In light of the aforementioned holding that the IMAA and the Bly Debt Instruments do not constitute a single contract, and with the absence of a trust relationship, the Note is separate and distinct from the IMAA. Moreover, the plain language of the IMAA did not impose upon UFMB any obligation or authority to prevent Bly from encumbering the assets in the Investment Account in pursuit of his investment in the Sports Complex. As such, UFMB cannot be held liable for Bly's decision to execute the Bly Debt Instruments to fund the Sports Complex. Accordingly, summary judgment is GRANTED regarding Count II of UFMB's Complaint as it relates to UFMB's fiduciary duties regarding the Note and other Bly Debt Instruments.

c. UFMB's Possible Breach of the IMAA Through Direct Investment into the Sports Complex

i. Rule 36 Admissions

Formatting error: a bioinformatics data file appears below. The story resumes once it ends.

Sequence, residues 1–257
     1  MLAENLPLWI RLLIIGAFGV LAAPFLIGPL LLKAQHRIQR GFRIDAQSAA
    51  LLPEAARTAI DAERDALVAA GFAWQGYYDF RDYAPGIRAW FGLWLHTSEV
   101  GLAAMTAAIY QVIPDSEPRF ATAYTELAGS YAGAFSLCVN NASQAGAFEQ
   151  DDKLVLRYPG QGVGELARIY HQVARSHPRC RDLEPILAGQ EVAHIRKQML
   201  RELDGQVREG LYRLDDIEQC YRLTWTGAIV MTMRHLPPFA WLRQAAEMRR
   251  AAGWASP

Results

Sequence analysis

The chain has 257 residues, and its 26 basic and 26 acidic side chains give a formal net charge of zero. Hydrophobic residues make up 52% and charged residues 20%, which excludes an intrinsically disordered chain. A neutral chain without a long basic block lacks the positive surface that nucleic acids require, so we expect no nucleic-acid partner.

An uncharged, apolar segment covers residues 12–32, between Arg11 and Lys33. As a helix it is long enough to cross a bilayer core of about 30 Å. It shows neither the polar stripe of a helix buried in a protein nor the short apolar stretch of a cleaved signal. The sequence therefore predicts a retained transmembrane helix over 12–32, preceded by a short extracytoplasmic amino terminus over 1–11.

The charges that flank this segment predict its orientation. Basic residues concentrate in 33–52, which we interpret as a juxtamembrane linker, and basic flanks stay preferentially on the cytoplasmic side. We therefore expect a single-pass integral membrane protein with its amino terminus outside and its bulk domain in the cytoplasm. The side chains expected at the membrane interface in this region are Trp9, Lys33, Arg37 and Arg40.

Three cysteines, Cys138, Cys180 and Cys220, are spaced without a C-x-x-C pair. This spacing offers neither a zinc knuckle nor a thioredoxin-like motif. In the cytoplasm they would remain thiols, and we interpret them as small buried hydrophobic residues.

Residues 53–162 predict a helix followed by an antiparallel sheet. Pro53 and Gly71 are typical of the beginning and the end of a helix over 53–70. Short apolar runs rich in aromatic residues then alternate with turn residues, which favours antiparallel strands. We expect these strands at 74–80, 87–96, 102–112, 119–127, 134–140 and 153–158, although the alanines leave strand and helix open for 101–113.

Bly alleges that UFMB breached the IMAA when it used assets in the Investment Account to help fund the Sports Complex. Pursuant to this theory, Bly asserts that Williams unilaterally spent Investment Account funds on the Sports Complex, without his knowledge, and only informed him of the outlay of Investment Account funds after the fact. UFMB argues that Bly now attempts to contradict his own binding admissions that (1) the Sports Complex was not an asset held in the Investment Account and (2) no written or oral agreement exists between UFMB and Bly by which UFMB agreed to provide investment management services, advice, or financial planning services with respect to assets held outside of the Investment Account. UFMB contends that it had a right to rely on these admissions and that the Court should hold Bly to his prior admissions.